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Baltimore County Now

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Keyword: recycle

Diana DeBoy, Student Intern, Baltimore County Bureau of Solid Waste Management;
Towson University Mass Communication Major

Today, some people might find it difficult to understand the benefits and importance of recycling. Honestly, until a few months ago, I had never recycled and didn’t know where to start. Then I began an internship with the Baltimore County Bureau of Solid Waste Management and learned the importance of such an easy task. Recycling has a significant impact on preserving Baltimore County’s only active landfill, which is already 51 percent full. When we recycle, we divert materials from the landfill, thus extending its lifespan. Recycling also has other benefits, such as conserving natural resources, reducing pollution, and even saving money! For instance, for every ton of recyclable material diverted from trash, Baltimore County and its taxpayers save $60. In 2012 alone, residents’ recycling avoided nearly $3 million in trash disposal costs.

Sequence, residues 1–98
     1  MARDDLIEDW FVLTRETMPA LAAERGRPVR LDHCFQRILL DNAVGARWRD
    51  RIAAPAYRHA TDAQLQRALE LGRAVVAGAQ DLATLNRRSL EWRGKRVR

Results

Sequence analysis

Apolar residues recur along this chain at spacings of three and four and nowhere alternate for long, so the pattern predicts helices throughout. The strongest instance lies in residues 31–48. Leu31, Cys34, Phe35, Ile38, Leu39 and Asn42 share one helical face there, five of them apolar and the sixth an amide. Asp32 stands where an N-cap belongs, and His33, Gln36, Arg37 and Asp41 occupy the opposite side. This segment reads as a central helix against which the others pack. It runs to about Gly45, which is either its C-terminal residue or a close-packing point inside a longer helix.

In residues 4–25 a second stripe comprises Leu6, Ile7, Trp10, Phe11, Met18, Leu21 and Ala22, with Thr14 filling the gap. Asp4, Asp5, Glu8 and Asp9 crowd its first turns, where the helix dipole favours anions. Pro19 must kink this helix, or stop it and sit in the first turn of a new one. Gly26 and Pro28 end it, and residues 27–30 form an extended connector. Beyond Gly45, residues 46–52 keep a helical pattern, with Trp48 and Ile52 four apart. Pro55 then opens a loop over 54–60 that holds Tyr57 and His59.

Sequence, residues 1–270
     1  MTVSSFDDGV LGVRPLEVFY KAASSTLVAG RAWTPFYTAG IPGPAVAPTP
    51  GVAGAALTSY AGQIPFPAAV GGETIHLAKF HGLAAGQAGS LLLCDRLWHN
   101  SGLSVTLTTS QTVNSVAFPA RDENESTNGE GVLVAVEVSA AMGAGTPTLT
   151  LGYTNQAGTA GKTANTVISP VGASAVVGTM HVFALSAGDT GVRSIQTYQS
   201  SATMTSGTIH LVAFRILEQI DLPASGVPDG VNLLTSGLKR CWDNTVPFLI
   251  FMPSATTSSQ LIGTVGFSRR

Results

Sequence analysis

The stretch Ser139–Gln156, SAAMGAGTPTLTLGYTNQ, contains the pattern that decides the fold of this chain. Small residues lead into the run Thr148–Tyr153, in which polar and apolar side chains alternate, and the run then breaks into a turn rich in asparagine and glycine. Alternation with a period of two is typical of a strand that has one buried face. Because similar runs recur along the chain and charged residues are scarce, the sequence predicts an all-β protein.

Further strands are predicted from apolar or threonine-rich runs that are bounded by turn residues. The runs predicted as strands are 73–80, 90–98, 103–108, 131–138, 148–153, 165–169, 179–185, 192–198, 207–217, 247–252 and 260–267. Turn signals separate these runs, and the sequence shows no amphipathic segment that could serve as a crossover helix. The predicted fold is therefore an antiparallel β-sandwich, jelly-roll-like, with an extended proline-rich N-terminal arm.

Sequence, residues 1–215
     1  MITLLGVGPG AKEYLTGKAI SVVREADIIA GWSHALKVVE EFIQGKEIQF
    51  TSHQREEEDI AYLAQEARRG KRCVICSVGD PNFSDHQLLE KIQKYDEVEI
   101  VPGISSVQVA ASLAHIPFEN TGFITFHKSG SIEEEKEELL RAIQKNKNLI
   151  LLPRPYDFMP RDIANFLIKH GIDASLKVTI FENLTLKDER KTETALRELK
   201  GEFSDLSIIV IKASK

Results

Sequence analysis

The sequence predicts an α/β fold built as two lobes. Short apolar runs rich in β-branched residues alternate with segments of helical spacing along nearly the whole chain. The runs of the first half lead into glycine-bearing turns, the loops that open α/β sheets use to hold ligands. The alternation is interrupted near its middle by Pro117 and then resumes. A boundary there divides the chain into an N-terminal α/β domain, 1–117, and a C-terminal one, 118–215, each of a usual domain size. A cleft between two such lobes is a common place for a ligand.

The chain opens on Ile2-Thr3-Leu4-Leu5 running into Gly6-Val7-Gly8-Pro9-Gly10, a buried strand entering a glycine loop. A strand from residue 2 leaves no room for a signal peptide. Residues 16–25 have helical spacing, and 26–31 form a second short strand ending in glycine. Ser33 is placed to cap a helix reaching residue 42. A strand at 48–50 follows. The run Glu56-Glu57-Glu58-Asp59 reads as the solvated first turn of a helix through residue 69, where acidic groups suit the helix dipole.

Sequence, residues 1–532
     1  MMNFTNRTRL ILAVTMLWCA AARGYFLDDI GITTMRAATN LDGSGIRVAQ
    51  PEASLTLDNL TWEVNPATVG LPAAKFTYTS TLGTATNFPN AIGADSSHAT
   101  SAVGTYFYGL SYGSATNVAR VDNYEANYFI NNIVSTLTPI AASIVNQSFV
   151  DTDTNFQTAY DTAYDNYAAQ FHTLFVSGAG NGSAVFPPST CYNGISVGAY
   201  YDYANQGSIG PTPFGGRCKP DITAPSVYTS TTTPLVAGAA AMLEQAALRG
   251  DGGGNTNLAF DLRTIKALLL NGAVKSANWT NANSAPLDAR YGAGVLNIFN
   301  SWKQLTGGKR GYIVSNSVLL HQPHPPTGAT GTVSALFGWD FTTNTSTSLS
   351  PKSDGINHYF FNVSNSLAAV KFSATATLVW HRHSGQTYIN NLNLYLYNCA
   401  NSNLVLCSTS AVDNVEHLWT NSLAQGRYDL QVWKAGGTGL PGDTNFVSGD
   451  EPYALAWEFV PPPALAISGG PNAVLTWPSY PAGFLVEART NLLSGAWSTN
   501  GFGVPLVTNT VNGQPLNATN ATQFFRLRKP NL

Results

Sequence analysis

So, if you’re new to recycling like me, you may be thinking, “I don’t know what I can recycle.”  Simple everyday materials such as glass bottles, aluminum foil, narrow-neck plastic bottles and newspaper are all examples of items that are accepted in the Baltimore County Single Stream program. If you pass by something in your house and you aren’t sure if the item is acceptable, just visit www.baltimorecountymd.gov/recycling to see a complete list of acceptable plastics, glass, metals and paper.

There is also something you can do that’s even better than recycling -preventing waste in the first place. For example, buying items with less packaging or things that can be reused will decrease the amount of material that needs to be landfilled.

So, why not give recycling a try and help preserve our landfill? Good luck and happy recycling everyone!


Achsah Joseph, Intern, Baltimore County Bureau of Solid Waste Management

O Christmas Tree! O Christmas Tree!